I am glad you raised this point about death of settlers because most HR narratives are impassioned but not objective. Wasfia has brought a great deal of attention to the victims but not to the problem which isn’t her objective either. Most HR activists demonize one side and simplify the problem particularly in case of teh CHT. It’s a lopsided view but that’s how it gets reported because the victims always get more attention and not those who victimise particularly with state support. Look at 1971 history. We only talk of Bengali killings but never mention our own atrocities.

      The settlers are victims of poverty and lived a life before going to the CHT in great distress in extreme areas. That is why they were transported down there so that they would be desperate enough to do what they have.

      The army used them on behalf of the state and continue to do so. The state army supports the settlers but despises them and most middle class people hate them. The only people who support them are ultra nationalists. It will not solve anyone’s problems and will remain a festering sore.

      As I read Wasfia’s post, I also realised that in 36 years of the problem, I haven’t seen many balanced pieces which try to locate the problem beyond the emotional and activist space from either side. It’s a sort of a BNP-AL situation everywhere.

      I have come to believe that the Bengali mind is probably not capable of critical thinking or finds it too problematic.

      It’s always about the victim or the perpetrator on either side, rarely about the politics that produces such terrible problems.

      • wasfia

        Hi Afsan bhai,
        I beg to differ – that the Bengali mind, like all other human minds – is fully capable of critical thinking and realising our full potential 🙂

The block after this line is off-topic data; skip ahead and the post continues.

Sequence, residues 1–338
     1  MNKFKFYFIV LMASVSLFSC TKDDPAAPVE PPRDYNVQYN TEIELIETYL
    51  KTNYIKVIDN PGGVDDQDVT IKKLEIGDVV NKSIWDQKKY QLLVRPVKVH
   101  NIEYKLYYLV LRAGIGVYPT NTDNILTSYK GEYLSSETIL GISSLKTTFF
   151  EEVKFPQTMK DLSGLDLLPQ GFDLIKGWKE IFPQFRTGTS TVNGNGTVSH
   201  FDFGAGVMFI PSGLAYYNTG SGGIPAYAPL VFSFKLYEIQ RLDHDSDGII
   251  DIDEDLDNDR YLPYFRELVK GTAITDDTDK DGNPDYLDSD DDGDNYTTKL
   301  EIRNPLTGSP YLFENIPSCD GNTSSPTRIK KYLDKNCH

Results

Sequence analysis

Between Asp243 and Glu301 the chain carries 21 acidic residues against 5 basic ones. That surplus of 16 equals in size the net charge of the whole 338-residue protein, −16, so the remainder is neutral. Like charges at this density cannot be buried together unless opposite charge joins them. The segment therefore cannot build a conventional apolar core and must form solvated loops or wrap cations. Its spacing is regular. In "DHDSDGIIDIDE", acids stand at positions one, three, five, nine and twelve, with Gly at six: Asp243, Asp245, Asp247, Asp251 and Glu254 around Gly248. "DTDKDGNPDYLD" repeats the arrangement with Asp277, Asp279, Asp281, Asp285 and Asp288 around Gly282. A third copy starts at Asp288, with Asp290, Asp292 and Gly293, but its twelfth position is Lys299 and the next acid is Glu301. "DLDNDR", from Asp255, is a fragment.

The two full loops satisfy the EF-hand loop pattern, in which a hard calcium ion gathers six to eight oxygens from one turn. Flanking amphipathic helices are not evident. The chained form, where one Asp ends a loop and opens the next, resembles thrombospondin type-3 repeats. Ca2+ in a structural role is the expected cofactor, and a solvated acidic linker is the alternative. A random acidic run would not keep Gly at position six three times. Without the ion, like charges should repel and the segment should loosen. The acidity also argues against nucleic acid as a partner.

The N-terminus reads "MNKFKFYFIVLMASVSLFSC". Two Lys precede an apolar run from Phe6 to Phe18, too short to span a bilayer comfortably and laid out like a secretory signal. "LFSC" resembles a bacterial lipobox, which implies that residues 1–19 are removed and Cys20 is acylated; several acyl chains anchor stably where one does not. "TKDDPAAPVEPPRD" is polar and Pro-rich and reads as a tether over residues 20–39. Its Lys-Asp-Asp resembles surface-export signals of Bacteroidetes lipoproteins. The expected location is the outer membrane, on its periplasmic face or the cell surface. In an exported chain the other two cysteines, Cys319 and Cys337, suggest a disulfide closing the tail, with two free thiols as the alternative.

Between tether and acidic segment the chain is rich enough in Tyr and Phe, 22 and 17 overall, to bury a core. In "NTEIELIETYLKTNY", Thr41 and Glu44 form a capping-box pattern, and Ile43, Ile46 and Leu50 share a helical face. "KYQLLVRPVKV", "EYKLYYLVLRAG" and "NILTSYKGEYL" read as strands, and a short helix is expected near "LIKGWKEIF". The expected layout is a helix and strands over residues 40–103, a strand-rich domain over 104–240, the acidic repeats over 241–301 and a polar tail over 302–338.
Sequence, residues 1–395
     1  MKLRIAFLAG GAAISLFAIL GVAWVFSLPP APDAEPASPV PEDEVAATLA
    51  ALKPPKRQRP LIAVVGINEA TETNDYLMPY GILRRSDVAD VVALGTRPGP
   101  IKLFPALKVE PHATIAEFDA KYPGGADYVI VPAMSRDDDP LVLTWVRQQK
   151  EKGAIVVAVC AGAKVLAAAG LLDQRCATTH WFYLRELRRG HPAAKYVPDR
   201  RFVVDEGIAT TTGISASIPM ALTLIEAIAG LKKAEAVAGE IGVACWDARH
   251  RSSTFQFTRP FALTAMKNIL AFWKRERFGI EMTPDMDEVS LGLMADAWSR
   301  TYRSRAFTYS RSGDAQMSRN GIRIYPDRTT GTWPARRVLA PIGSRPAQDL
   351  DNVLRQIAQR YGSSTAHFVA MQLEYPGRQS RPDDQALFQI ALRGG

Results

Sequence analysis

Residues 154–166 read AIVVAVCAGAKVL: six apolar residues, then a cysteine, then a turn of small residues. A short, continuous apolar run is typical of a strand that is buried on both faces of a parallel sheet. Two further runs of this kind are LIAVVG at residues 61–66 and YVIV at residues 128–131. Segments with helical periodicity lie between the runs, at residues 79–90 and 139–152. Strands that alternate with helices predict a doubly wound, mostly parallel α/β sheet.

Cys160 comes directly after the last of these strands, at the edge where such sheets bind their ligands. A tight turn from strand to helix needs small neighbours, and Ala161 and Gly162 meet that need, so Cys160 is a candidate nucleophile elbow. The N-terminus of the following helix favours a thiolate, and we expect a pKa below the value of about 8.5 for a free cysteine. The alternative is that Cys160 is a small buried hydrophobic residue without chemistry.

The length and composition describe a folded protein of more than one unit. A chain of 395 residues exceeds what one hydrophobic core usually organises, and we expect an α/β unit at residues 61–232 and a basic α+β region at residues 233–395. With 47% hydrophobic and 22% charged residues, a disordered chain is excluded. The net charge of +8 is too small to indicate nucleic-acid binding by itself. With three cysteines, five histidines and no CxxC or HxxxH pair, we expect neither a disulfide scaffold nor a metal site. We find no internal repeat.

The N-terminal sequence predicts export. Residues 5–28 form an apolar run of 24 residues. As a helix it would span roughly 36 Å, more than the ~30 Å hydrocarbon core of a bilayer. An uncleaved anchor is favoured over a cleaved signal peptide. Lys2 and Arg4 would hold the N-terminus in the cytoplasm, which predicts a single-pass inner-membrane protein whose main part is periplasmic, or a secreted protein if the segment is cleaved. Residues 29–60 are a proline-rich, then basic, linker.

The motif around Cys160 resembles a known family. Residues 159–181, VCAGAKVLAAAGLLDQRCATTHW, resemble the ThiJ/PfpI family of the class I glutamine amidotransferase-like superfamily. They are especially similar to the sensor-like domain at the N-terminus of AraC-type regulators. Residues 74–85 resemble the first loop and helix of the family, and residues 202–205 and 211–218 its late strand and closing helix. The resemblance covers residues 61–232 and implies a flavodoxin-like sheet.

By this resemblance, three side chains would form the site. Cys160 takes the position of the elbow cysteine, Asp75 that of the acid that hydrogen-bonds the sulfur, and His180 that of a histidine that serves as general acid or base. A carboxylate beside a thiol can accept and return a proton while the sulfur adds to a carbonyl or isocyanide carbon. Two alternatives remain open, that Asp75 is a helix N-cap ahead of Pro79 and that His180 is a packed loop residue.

• wasfia

      Dear Ahmed,

      First and foremost, I wish for the safe passage of the three Bangalis (and the one indigenous) and all the innumerable ones who lost lives in the past as part of this ongoing problem. I sincerely hope they rebirth into a conflict-free world. And I hope they never become the subject to such hypocritical state-system in any lifetime.

      Perhaps in my sheer sadness, I was not able to express myself clearly. In my eyes, including one whole paragraph clarifying how ‘some’ settlers aren’t all villains was my mere attempt to portray a more human picture of the two sides.

      I included the ‘girl’s’ picture because she is not only a minor (hardly 13 years old) but also a quadruple minority.

      Impoverished Bangalis may look like the main disease but the main problem: omission on part of the state – omission to take ACTION against perpetration of attack and land grabbing is equivalent to a clear signal of impunity allowed to our authorities.

      The state has continued to commit to a certain set of circumstances by a combination of omission and commission, which makes such atrocities possible. Who are the state agencies? Who are behind them? How neutral are they? Of what ethnicity do they come from? These questions have all been asked many a times, but the strangeness of their answers remains grossly ignored.

      Our State has to become ethnically NEUTRAL. Moreover, civil officers, militaries, paramilitaries, behind their uniforms must have civil emotions, otherwise the dice is and will always be loaded against Paharis.

      I request you (and other readers) to kindly reflect on a few points: